A famous “photographer” collected approx 30,000 followers on Instagram He admitted that his photos were actually created by artificial intelligence (Amnesty International). Jos Avery has been posting his amazing “photos” since October of last year and tricking his audience into thinking they are real photos, even describing the camera equipment he uses.
Avery explains Ars Technica Who set out to “scam people”: “Do people wearing makeup in photos reveal it? What about plastic surgery? Every commercial fashion shoot contains a heavy dose of photoshop, including replacing celebrity bodies on magazine covers.”
Avery’s Instagram followers are delighted with her work and are full of compliments. “Thank you for the inspiration you give us every day with your amazing photos,” wrote a real photographer. “I stop, look carefully, think, and, without a doubt, learn from every post you share.” Rather than admit her work is unoriginal, Avery says, “Thank you so much for taking the time to share it. It means a lot to me.”
Although Avery claims to use professional cameras, the photos on her Instagram page were actually generated by a photo-capable AI program called Midjourney.
Avery ostensibly responds to almost every comment he receives, thanking the person for praising him and ignoring the small minority who suggest he is an AI. His ambiguity extends to an outright denial of the truth when asked about specific details such as “What camera are you using?” Answer: “I shoot with Nikon cameras.”
He even hints that he can “record the process” of his workflow when asked how to achieve bokeh, the effect seen in photos where the background is blurred to make anything in the foreground stand out.
“I often compose and use back blur,” Avery says. “I have to record the operation one of these days.” His follower replied, “You’re so sweet. You’re one of those rare people who actually takes the time to respond to every comment.”
Avery also spoofs her hashtags, filled with photographic hashtags like #blackandwhitephotography, #portrait, #portraitphotography, and so on. He sometimes uses #AI or #digitalart, but they get lost in the sea of hashtags used by real photographers.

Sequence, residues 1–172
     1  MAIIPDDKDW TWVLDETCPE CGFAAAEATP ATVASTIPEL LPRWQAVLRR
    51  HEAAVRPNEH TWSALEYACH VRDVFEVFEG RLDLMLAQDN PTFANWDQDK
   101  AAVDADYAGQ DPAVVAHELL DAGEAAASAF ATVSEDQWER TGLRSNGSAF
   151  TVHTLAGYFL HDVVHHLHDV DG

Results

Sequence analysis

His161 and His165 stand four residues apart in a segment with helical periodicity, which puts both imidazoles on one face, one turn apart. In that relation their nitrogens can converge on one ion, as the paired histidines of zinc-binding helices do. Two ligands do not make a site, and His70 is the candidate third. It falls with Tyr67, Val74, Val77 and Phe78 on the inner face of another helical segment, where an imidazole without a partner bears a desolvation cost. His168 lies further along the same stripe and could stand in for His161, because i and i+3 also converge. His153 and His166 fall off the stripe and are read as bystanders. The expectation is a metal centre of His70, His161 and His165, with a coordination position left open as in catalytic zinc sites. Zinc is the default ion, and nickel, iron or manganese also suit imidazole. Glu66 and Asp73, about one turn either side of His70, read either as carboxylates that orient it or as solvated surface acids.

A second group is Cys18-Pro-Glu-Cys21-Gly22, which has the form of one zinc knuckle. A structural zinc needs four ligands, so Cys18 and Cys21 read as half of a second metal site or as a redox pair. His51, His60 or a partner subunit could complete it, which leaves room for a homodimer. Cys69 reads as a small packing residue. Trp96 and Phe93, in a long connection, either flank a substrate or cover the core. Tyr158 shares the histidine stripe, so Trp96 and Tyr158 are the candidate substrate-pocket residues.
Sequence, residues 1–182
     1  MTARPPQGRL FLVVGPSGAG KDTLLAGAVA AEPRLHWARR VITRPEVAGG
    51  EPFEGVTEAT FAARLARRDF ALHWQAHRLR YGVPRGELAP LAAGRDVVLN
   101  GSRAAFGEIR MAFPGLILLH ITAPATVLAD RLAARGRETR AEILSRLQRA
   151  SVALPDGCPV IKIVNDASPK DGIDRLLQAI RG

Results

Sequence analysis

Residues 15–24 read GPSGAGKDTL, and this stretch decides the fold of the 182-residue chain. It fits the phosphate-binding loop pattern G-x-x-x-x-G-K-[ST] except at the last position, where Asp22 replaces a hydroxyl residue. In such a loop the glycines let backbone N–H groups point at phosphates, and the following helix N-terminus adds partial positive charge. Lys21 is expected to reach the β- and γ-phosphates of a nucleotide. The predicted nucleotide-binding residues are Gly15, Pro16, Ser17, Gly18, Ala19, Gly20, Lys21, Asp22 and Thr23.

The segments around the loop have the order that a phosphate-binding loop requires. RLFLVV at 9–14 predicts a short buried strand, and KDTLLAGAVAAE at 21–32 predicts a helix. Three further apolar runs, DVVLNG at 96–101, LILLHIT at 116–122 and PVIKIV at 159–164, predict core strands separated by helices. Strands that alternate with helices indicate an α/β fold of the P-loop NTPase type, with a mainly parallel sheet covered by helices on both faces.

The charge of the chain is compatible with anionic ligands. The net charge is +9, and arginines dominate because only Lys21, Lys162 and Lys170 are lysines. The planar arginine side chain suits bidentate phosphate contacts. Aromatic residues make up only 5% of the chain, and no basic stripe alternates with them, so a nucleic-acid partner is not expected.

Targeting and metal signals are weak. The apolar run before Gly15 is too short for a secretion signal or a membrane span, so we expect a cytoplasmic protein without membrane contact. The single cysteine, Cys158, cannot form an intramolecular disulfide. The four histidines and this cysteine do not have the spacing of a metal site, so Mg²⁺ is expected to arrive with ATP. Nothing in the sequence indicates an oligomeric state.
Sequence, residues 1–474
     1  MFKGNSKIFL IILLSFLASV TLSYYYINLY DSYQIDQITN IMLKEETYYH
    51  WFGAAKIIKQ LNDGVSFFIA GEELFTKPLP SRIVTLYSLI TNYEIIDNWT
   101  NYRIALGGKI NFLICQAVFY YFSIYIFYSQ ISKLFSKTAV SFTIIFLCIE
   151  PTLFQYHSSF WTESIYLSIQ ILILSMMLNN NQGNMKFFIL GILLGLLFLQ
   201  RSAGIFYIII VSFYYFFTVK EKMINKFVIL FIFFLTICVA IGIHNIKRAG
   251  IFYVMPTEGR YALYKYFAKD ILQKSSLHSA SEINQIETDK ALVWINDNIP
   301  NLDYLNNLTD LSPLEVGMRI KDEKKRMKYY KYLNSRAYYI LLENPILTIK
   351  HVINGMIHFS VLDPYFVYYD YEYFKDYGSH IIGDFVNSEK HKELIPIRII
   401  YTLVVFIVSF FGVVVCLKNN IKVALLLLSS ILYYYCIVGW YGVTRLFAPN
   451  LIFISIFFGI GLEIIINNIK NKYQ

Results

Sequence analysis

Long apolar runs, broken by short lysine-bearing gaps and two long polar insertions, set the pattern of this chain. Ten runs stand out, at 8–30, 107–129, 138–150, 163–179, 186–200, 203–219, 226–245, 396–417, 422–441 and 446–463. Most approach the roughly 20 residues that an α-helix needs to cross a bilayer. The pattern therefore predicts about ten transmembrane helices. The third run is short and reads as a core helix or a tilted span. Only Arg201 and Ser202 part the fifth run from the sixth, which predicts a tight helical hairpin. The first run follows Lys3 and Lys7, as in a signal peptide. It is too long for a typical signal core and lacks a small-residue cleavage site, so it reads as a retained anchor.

methodology of this trick
Avery admitted his infidelity to Ars Technica: “Probably more than 95% of fans don’t realize it. I’d like to admit it,” he says. “Honestly, I’m conflicted,” Avery says. “My original goal was to trick people into showing AI and then writing an article about it. But now it’s an artistic outlet. My perspective has changed.”
Although Avery doesn’t say it outright, there are indications that this photo is one that was taken in Ukraine. Avery explains that for her nearly 180 posts, she’s generated a whopping 14,000 photos of Midjourney.
“I create about 85 images to get to a usable image and cancel probably at least as many failed starts,” he says.
After getting a synthetic image he could work with, Avery edited the image in Adobe Lightroom and Photoshop, which he says still makes him an artist. “It takes an enormous amount of effort to take AI-generated assets and create something that looks like it was taken by a human photographer,” he says. “The creative process is still very much in the hands of the artist or photographer, not the computer.”
Along with each fake, Avery gives each character a name (such as “Strong Sarah” or “Tough Richard”) and writes a (clearly marked) fictional story to accompany it. Of a portrait of a woman in a snow-covered hood, Avery wrote: “Emma looked out the window, fascinated by the snow-covered street. Winter brought a quiet, serene beauty to town, and I reveled in it.” Continuing with a longer story full of melodrama.
The stories seem to captivate the viewers, who enjoy them enough to like them. This was a double-edged sword for Avery, since most of his new followers believed the photos were real photos, and he wasn’t sure how to reveal that fact. He was caught between sudden Instagram fame and knowing that telling the truth could lead to her downfall.
A trick on the Avery scale may only be possible until the audience becomes more aware of the photomontage technique. Meanwhile, social media pitted creators against each other for likes and followers, which makes AI-powered media attractive.
“Honestly, I’m not quite sure how to proceed,” Avery told Ars Technica in January, as his following grew. “The response from Instagram surprised me. It’s not easy to get 15,000 followers. The final art product resonates with people.”
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